To be sure, a two-track, two-policy, two-reality foreign policy is risky, unsettling and has the potential to go totally off the rails. This is not how you would draw it up in advance. It’s unstable and confusing. But the experience of the first month suggests that, with prudence and luck, it can yield the occasional benefit — that the combination of radical rhetoric and conventional policy may induce better behavior both in friend and foe.
Alas, there is also a worst-case scenario. It needs no elaboration.

If we are wondering if Trump might have narcissistic tendencies, we've just lived through 8 years of an extreme case of it in the White House, so we ought to be able to know it when we see it. So far, lots of distant diagnoses of the current President, but actions speak louder then words, so let’s see what he actually does as President. We know what the last guy did - starting by proclaiming that he was smarter than any of his cabinet members and knew more about their areas of expertise than they did. And that was the opening pitch. Of course, with people like John Kerry around, that isn’t a very high bar…..

Here are details about Dr. Ablow -
Let me issue the standard disclaimer of psychiatrists who discuss the mental health of public figures: I have not personally examined President Trump. 
Now, let me put to rest the concerns of Sen. Al Franken and political commentators John Oliver and Andrew Sullivan and anyone else who publicly or privately has questioned the president’s sanity:
Donald Trump is stone cold sane. 
When a man acquires billions of dollars through complex real estate transactions, invests in many countries, goes on to phenomenal success in television and turns his name into a worldwide brand, it is very unlikely that he is mentally unstable. 
When the same man obviously enjoys the love and respect of his children and his wife, who seem to rely on him for support and guidance, it is extraordinarily unlikely that he is mentally unstable. 
When the same man walks into the political arena and deftly defeats 16 Republican opponents and then the Democratic heir-apparent to a two-term president’s administration, the odds of that man being mentally unstable become vanishingly thin. 
And when that very same man attracts to his team the kind of intellect and gravitas represented (to name just a few) by Secretary of Housing and Urban Development Dr. Ben Carson, Attorney General Jeff Sessions, Secretary of State Rex Tillerson and Secretary of Defense James Mattis, a retired Marine Corps general and commander of the U.S. Central Command, he cannot be mentally deranged. Period. It is a statistical impossibility. 
Those who assert otherwise are political opportunists, or fools, or both (and I am thinking here, in particular, of Sen. Franken). 
President Trump is the first human being to win this nation’s highest office without having held any other political office or serving as a general. Most political pundits thought his quest was pure folly. Most journalists assessed his chances as zero. So who was laboring under quasi-delusional thinking? Answer: Not Donald J. Trump.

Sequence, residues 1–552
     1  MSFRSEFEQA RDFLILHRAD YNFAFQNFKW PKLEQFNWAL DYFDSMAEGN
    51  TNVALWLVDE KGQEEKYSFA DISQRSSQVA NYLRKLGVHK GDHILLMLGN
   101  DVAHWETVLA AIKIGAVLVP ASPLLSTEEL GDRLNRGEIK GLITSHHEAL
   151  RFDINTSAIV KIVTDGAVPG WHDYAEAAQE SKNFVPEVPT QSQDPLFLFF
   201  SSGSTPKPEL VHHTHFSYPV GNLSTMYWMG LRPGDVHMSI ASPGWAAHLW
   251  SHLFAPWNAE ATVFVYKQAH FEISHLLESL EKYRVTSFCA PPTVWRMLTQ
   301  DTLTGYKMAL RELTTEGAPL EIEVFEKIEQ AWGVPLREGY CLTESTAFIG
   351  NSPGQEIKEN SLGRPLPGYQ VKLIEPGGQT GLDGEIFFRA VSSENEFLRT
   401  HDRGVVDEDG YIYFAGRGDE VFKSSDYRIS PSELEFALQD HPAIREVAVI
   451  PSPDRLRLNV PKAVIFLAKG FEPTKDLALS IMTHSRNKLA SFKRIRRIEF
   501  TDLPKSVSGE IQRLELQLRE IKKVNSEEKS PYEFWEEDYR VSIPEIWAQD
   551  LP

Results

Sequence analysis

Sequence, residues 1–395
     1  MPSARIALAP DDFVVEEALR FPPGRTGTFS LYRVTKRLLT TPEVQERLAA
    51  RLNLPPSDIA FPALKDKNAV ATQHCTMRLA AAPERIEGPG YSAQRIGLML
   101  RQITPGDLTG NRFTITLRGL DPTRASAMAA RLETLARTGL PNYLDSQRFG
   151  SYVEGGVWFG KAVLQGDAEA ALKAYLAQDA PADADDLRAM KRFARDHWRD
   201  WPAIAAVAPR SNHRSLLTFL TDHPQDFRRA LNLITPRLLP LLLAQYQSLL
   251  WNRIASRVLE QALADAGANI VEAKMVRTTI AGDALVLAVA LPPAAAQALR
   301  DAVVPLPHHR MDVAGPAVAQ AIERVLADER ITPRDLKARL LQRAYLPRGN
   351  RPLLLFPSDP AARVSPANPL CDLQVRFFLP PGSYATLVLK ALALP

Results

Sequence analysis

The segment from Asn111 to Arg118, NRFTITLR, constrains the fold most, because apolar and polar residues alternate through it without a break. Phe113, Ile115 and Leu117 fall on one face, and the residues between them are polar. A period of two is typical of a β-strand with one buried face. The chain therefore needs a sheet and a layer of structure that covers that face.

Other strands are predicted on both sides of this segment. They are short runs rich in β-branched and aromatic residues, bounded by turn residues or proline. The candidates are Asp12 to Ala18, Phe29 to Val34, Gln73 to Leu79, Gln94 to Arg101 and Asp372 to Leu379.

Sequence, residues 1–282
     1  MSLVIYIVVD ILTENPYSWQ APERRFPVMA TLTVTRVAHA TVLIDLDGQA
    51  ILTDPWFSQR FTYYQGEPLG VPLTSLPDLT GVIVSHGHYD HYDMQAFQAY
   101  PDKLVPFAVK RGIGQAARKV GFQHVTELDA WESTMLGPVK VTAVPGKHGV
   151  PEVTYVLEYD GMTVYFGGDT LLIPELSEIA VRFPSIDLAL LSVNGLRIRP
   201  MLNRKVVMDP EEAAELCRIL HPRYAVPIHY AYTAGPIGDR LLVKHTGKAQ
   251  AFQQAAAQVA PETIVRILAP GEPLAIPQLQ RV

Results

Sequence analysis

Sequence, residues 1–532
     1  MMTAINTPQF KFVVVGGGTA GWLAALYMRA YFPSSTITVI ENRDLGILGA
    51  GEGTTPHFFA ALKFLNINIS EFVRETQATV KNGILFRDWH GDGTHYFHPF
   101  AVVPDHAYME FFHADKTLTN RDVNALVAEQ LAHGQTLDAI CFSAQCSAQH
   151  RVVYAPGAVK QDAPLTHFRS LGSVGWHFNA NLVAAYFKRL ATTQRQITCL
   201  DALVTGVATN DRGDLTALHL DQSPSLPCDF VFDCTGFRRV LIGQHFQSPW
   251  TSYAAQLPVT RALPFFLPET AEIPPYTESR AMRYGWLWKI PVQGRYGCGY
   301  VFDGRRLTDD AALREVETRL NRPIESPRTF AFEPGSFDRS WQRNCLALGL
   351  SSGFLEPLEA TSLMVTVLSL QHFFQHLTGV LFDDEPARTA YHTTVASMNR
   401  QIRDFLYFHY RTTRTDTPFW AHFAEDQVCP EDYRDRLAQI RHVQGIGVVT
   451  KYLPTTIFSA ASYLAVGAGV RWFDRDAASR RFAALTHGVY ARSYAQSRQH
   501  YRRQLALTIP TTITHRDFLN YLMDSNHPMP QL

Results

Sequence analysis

Anecdotally, by the way, I have never had one bad Trump experience. Not one. I own several of his ties — all of them of the highest quality. I have stayed in his hotels and never had a single complaint (and I am a born complainer). I have eaten in his New York restaurant — flawless service, excellent food. I own an apartment at Trump Place in Manhattan. Impeccable design, sturdy construction, fabulous amenities. A mentally unstable man would be unlikely to deliver superior products across multiple industries, don’t you think? 
If you’re still worried about the mental stability of the president, note this: The stock market doesn’t like instability. Investors, en masse, can take the measure of a man pretty darn well. The stock market has hit record high after record high since Trump’s election, and if you think that’s an accident, or that investors have all been fooled, it’s time to start wondering about your own capacity for rational thought. 
I should note that nothing I am saying should besmirch the reputations of men like President Abraham Lincoln or Sir Winston Churchill, both of whom are said to have fought the ravages of major depression or bipolar disorder. One was instrumental in ridding America of slavery. The other was instrumental in saving the world from tyranny. Mahatma Gandhi, by the way, also reportedly suffered from depression. 
Psychiatric illness does not, a priori, disqualify a person from rendering extraordinary service to mankind.
Mind you, neither Lincoln nor Churchill nor Gandhi led a nation after becoming a business sensation and television star. That trifecta defines one man: President Donald J. Trump. 
Now, think about those who are rabble-rousing about the president’s mental status. Take Sen. Al Franken. He’s all worried about the president allegedly overestimating the crowd size at his inauguration. But Franken is allied with Sen. Elizabeth Warren, who asserted she is Native American, when there is no evidence of that whatsoever. 
And they’re calling Trump’s sanity into question? Really, you can’t make this stuff up. 

Dr. Keith Ablow is a psychiatrist and member of the Fox News Medical A-Team.